Brazil's President Dilma Rousseff rejected calls for her resignation on Friday amidst a political storm deepened by a massive corruption scandal. Instead she blamed her opponents for causing a crisis that has damaged the Brazilian economy.
"No one has the right to ask for the resignation of a legitimately elected president," Rousseff told reporters, indicating she has no intention of quitting despite Brazil's worst economic recession in 25 years.
The leftist leader, who was narrowly re-elected in 2014, said her opponents had damaged the Brazilian economy, which shrank 3.8 percent last year. Rousseff said Finance Minister Nelson Barbosa's position in her cabinet was secure.
Opposition parties are seeking to unseat Rousseff by impeachment in Congress or annulment of her re-election over a kickback scandal involving energy company Petrobras.
Charges of money laundering brought against her mentor and predecessor former president Luiz Inacio Lula da Silva have deepened the crisis this week.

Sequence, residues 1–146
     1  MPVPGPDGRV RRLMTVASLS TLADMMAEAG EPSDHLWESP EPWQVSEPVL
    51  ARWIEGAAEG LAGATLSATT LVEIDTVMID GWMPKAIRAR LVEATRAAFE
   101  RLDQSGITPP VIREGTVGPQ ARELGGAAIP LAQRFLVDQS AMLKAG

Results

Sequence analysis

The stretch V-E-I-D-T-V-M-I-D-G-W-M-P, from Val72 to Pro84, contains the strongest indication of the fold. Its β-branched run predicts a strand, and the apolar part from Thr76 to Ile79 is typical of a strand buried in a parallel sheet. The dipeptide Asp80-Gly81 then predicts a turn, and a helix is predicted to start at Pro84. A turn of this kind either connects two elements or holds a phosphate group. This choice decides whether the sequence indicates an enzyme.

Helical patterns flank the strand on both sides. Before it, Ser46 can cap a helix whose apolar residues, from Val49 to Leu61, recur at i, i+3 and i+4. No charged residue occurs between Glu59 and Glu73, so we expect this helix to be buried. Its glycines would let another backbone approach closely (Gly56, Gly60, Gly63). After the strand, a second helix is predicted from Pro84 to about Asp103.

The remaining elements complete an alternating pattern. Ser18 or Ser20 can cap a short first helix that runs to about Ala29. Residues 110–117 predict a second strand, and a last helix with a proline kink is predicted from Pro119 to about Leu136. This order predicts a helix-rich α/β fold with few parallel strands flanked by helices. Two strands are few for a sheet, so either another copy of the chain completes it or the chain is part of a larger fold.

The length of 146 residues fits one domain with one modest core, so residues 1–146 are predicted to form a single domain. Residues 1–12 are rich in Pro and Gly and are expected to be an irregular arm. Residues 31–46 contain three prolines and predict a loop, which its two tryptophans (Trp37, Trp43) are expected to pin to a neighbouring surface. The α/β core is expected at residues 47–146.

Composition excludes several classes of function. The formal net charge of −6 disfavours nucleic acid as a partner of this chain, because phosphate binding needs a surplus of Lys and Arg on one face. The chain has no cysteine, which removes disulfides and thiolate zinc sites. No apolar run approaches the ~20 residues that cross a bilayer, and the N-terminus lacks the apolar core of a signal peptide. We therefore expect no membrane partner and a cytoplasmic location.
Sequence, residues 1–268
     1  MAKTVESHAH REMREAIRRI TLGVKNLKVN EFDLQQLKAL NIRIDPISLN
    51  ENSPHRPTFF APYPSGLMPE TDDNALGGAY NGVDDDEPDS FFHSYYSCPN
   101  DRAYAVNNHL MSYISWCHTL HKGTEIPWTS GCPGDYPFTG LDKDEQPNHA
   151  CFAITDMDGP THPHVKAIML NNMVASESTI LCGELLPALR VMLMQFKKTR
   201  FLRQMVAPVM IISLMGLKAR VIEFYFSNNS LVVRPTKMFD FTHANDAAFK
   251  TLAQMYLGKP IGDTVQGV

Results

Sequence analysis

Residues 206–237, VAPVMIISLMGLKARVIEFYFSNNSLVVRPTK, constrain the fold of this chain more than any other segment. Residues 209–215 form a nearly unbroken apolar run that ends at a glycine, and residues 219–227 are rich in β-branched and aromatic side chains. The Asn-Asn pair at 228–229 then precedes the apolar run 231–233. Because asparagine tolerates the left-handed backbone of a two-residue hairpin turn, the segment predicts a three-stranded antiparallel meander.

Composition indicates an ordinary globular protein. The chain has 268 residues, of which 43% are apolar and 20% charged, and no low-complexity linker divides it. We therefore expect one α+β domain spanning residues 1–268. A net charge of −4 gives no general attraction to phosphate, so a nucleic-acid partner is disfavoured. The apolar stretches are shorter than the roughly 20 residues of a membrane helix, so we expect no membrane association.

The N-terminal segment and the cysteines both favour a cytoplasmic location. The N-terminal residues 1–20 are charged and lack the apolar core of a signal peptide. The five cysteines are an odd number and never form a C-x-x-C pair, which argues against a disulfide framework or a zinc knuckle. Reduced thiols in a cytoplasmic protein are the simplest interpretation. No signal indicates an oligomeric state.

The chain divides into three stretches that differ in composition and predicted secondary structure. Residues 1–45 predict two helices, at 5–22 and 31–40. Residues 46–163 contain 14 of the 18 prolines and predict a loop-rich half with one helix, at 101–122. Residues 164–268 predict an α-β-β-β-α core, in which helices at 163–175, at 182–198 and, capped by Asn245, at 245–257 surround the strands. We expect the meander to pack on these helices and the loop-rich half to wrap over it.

Rousseff said an arrest warrant requested by Sao Paulo state prosecutors for Lula on Thursday had absolutely no legal basis. She declined to confirm press reports that Lula would be offered a post in her cabinet as a way to give him some immunity from the corruption investigation, but she said she would be proud to have him in her government.
The widening corruption probe surrounding state-run oil company Petrobras has turned key lawmakers from Brazil's largest party against Rousseff, threatening to split her coalition and increasing chances of her impeachment in Congress this year.